SEOUL — Arm Ltd. became the subject of attention among semiconductor producers in Asia and other regions after South Korea’s third-largest conglomerate, SK Group, floated the idea of acquiring the British semiconductor and software design company through a partnership with an unspecified company as part of a group-wide drive to expand its semiconductor business.
SK hynix, the world’s second-largest memory chip producer affiliated with SK Group, has posted a market notice forced by a series of rash remarks by CEO Park Jung-ho who said his company wants to acquire a stake in Arm or make joint investments with other companies. “We are continuously reviewing various strategic measures such as the joint acquisition of Arm to strengthen business competitiveness and enhance corporate value, but nothing has been fixed so far. We will make an announcement again within one month or when details are finalized,” the chipmaker said in a regulatory filing on March 31.
Park’s comment came after an attempt by American tech company Nvidia to buy Arm for $40 billion collapsed in February 2022 due to regulatory hurdles and competition concerns from tech companies such as Google and Microsoft. Intel CEO Patrick Paul Gelsinger also left open the possibility of joining a consortium to buy Arm.
Both Intel and SK hynix have expanded their investment, especially in foundry. Fabless manufacturing is the design and sale of hardware devices and semiconductor chips, while foundry companies are dedicated to manufacturing under consignment. The South Korean company took a more aggressive attitude after it signed a $9 billion deal to acquire Intel’s NAND memory and storage business In October 2020.
Arm, controlled by Japan’s SoftBank Group, creates and licenses its technology as intellectual property. Arm’s technology can bolster SK’s efforts to expand the lineup of artificial intelligence chips for data centers and autonomous driving. SK hynix and two other SK Group units launched an in-house alliance in January 2022 to establish a new U.S. entity for the global promotion of an AI chip called “SAPEON” targeting U.S-based big tech companies.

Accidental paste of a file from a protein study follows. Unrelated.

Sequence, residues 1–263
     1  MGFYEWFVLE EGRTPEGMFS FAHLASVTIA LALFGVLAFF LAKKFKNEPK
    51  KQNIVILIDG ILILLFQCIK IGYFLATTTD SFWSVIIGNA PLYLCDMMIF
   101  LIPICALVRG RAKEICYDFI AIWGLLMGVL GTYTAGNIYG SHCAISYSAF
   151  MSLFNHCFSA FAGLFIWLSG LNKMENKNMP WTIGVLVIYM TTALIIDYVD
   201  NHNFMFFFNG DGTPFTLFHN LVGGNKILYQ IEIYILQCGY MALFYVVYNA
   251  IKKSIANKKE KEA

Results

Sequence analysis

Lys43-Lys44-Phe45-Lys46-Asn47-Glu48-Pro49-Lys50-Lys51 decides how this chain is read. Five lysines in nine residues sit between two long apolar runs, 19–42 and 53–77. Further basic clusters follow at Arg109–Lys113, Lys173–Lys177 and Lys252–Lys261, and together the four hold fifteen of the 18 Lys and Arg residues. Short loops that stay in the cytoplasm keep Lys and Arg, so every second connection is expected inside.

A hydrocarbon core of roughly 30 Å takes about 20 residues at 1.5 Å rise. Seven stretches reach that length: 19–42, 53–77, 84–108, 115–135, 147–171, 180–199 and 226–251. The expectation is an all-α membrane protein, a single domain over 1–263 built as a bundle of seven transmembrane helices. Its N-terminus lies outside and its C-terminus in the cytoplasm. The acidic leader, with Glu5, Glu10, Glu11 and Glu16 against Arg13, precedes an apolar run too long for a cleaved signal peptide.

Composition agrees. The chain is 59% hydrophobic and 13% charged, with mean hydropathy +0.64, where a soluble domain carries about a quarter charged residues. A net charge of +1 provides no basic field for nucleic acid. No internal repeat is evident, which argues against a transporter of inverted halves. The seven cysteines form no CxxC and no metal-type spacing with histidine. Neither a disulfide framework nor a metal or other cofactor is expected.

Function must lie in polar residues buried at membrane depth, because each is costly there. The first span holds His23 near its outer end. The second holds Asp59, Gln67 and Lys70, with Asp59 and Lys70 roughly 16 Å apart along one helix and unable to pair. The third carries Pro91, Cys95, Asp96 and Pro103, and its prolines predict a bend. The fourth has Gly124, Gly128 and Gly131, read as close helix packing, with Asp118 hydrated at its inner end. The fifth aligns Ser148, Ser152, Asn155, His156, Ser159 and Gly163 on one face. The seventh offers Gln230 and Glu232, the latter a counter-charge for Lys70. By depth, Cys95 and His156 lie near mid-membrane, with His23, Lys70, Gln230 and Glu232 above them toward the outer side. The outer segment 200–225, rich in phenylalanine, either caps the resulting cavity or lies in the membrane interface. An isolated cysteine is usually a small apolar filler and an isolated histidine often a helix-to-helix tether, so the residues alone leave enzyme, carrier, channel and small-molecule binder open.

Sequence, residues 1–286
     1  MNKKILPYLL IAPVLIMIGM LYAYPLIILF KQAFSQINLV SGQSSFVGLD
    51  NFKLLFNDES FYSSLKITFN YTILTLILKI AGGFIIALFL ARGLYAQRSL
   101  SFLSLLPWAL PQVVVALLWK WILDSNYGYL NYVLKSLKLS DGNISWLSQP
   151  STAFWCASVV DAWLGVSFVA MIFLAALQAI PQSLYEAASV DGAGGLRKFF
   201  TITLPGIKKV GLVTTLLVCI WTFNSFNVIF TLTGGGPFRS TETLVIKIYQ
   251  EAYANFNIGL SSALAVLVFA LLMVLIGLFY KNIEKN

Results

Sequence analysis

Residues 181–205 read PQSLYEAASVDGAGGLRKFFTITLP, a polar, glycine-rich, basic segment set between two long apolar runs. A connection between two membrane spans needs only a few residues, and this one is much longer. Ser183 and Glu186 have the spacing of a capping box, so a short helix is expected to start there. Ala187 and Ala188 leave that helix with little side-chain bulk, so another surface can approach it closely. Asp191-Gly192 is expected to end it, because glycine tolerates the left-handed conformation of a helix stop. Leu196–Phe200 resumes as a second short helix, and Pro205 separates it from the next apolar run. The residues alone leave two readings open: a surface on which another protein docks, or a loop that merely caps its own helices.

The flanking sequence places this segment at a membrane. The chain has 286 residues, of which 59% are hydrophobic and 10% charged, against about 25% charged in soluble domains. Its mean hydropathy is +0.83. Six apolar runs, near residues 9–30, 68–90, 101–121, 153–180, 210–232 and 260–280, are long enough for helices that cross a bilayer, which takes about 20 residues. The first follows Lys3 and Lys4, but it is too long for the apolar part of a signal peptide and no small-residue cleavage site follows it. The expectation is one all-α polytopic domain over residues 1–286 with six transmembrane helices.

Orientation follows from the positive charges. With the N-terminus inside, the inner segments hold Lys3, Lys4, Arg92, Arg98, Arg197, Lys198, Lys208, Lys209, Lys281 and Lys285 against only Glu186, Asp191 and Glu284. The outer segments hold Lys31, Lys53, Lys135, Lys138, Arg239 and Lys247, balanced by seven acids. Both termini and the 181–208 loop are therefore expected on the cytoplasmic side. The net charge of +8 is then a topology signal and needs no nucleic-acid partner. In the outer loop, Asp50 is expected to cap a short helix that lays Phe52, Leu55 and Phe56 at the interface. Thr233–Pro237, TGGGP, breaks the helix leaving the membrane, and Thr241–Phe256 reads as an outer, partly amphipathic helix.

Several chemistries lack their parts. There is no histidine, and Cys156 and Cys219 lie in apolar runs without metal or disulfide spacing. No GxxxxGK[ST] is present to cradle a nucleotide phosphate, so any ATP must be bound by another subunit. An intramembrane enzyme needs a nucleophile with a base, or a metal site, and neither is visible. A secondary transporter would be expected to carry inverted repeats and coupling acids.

The SK alliance aims to unveil new services that have not existed before by adding advanced connected intelligence to autonomous driving, robots and urban air mobility. SK Telecom has led a state project to develop next-generation AI chips and interfaces that can be utilized for high-performance servers like cloud data centers.
In the global semiconductor market, the proposed acquisition of Arm can be seen as the direction of a new semiconductor alliance pushed by Biden who has prioritized domestic manufacturing as the COVID-19 pandemic exposed the fragility of a semiconductor supply chain. U.S. companies are strong in the system semiconductor sector. South Korea controls the global memory chip market, and Taiwan is a solid leader in foundry. China is struggling to build an independent semiconductor supply chain because Biden’s initiative could lead to a semiconductor supply chain involving companies in the U.S. and its allies.
The U.S.-led semiconductor alliance can have no constant support from South Korea because China accounts for 60 percent of the world’s semiconductor consumption. More than 20 percent of South Korean semiconductor sales come from China.
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